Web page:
A former soldier exiled to a prison planet takes on a corrupt planetary government in Johnson’s debut novel.
In the year 2442, the ECG—which plans to create a socialist utopia before allowing colonization of other planets—governs Earth. The ECG has, for 300 years, banished to a distant planet criminals and progressives who spoke against the government. Alex Khan, who worked for the ECG and destroyed illegal interplanetary colonies to insure the survival of his technologically progressive family, is exiled to the prison planet after killing the man who murdered his father. Knowing that survival must come before revenge, Khan uses his wits to withstand the primitive conditions he encounters, until he makes contact with the other residents of the planet, which some call Earth 2.0. Though the novel begins like a Jack London tale of man battling nature, it quickly travels into social commentary, emphasizing the inherent benefits of capitalism through Khan’s encounters with feudal lords, a democratic socialist town with stagnating technological development and ultimately Earth’s oppressive socialist regime. Johnson successfully creates a complex secondary world peopled with interesting characters. Johnson is less successful with some of his cultural creations. His “Maneaters”—a group of hunter-gatherers who eat their enemies to gain strength and who live in teepees—sometimes come across as Native American stereotypes; Muslim stereotypes also occur. Still, the plot holds together, and Earth 2.0 intrigues enough that readers may forgive awkward moments in order to go on Khan’s adventures. Since those exploits run the technological gamut—fighting a lionlike creature bare-handed, exploring a new world with dirigibles, stealing a space ship to liberate Earth—sci-fi fans will likely find something that pleases.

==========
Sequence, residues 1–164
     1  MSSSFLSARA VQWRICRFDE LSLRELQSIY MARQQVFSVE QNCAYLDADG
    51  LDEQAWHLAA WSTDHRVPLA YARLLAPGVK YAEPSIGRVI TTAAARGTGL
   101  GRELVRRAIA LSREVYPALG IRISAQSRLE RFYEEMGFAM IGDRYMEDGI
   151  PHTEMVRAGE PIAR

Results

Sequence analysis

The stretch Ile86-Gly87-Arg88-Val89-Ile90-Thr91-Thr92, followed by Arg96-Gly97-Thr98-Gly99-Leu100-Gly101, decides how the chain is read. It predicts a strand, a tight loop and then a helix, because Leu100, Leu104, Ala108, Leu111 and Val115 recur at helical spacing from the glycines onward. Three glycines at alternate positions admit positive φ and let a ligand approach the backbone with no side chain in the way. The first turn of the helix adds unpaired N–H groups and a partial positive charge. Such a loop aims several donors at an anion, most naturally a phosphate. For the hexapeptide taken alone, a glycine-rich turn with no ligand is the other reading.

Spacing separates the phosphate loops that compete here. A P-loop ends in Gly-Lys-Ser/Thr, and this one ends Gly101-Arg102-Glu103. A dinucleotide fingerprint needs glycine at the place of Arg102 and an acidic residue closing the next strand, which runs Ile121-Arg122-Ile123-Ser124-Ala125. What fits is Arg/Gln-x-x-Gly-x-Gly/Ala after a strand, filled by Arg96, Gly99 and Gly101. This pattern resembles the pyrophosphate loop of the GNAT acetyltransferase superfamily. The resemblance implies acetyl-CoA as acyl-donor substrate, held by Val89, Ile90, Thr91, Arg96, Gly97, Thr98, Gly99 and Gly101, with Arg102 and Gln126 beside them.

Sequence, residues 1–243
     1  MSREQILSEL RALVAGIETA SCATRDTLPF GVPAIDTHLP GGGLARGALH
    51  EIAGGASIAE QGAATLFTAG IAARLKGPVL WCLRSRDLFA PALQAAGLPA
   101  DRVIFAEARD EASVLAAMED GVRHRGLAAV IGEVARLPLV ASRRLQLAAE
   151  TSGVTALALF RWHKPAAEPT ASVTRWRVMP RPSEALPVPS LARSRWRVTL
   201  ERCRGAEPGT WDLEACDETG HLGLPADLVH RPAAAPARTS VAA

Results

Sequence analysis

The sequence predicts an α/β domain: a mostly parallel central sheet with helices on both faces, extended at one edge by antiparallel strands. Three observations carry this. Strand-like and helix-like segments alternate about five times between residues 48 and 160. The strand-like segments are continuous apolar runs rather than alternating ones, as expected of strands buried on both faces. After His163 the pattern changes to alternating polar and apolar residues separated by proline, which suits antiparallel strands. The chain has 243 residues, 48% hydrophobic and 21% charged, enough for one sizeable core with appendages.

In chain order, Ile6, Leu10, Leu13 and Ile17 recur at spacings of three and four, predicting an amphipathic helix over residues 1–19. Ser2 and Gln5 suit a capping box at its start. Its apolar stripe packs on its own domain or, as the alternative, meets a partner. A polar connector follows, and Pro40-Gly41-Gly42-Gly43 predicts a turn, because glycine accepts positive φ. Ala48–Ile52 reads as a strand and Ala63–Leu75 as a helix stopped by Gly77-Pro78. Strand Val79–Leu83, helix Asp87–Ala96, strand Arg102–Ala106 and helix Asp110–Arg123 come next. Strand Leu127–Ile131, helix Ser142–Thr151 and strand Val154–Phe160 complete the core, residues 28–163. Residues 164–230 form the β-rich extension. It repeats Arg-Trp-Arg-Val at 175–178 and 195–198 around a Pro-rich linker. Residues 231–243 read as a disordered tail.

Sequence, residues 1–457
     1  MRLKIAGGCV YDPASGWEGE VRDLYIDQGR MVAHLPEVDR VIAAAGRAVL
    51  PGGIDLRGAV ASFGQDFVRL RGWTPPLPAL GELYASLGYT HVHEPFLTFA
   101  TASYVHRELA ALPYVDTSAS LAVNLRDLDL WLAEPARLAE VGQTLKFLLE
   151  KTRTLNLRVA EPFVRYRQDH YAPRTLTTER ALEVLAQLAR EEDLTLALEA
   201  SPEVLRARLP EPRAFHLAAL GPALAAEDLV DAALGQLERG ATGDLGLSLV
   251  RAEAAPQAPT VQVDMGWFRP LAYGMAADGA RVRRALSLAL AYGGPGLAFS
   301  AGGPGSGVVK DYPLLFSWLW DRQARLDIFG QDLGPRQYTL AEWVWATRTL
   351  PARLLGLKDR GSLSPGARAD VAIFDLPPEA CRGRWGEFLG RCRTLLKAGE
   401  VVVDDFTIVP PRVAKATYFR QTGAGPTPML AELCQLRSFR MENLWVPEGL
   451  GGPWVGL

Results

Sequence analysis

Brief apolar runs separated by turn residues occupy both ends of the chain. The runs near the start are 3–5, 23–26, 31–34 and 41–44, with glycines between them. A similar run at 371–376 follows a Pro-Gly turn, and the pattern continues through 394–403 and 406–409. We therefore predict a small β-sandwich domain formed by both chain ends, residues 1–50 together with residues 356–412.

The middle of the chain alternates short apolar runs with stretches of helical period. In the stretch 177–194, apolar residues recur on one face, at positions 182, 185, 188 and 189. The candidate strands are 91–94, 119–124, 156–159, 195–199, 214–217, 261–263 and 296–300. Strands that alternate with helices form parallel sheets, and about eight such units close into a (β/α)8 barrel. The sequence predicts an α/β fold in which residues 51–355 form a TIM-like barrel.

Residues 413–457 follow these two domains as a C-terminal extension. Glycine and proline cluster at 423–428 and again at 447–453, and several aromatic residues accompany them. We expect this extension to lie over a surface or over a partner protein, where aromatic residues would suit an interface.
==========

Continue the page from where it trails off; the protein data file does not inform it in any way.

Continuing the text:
An intriguing novel that doubles as a love song to capitalism.